46. Mrs. Dalloway by Virginia Woolf
47. The Wonderful Wizard of Oz by L. Frank Baum
48. Lady Chatterley’s Lover by D. H. Lawrence
49. A Clockwork Orange by Anthony Burgess
50. The Awakening by Kate Chopin
51. My Antonia by Willa Cather
52. Howards End by E. M. Forster
53. In Cold Blood by Truman Capote
54. Franny and Zooey by J.D. Salinger
55. The Satanic Verses by Salman Rushdie
56. Jazz by Toni Morrison
57. Sophie’s Choice by William Styron
58. Absalom, Absalom! by William Faulkner
59. A Passage to India by E. M. Forster
60. Ethan Frome by Edith Wharton
61. A Good Man Is Hard to Find by Flannery O’Connor
62. Tender Is the Night by F. Scott Fitzgerald
63. Orlando by Virginia Woolf
64. Sons and Lovers by D. H. Lawrence
65. Bonfire of the Vanities by Tom Wolfe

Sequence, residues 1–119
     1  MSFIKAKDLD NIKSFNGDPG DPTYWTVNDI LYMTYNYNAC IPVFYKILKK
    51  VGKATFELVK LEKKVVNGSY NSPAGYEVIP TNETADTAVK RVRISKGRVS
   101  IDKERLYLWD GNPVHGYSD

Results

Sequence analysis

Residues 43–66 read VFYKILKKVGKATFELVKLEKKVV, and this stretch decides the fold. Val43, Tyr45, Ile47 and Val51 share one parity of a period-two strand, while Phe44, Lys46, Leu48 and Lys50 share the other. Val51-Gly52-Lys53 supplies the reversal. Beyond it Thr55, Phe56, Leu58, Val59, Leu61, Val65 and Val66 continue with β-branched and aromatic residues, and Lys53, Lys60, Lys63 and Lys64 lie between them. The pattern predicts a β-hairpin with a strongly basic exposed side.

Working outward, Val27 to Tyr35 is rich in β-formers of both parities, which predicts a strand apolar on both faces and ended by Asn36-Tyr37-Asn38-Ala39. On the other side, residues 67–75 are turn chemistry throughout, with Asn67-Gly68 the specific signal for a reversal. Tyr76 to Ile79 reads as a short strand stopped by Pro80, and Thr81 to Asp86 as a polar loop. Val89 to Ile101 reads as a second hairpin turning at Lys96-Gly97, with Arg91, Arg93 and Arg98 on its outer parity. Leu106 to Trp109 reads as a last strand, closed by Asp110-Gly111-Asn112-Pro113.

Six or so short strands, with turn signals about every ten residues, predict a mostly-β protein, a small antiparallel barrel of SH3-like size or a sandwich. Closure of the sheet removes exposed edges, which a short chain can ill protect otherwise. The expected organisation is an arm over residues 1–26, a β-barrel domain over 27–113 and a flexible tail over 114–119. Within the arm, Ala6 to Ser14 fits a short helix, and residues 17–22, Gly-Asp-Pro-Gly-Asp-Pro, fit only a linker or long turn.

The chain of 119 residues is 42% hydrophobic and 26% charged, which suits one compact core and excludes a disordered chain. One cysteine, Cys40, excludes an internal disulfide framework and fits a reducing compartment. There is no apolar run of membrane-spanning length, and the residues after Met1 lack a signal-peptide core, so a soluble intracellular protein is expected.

66. Cat’s Cradle by Kurt Vonnegut
67. A Separate Peace by John Knowles
68. Light in August by William Faulkner
69. The Wings of the Dove by Henry James
70. Things Fall Apart by Chinua Achebe
71. Rebecca by Daphne du Maurier
72. A Hitchhiker’s Guide to the Galaxy by Douglas Adams
73. Naked Lunch by William S. Burroughs
74. Brideshead Revisited by Evelyn Waugh
75. Women in Love by D. H. Lawrence
76. Look Homeward, Angel by Thomas Wolfe
77. In Our Time by Ernest Hemingway
78. The Autobiography of Alice B. Toklas by Gertrude Stein
79. The Maltese Falcon by Dashiell Hammett
80. The Naked and the Dead by Norman Mailer
81. Wide Sargasso Sea by Jean Rhys
82. White Noise by Don DeLillo
83. O Pioneers! by Willa Cather
84. Tropic of Cancer by Henry Miller
85. The War of the Worlds by H. G. Wells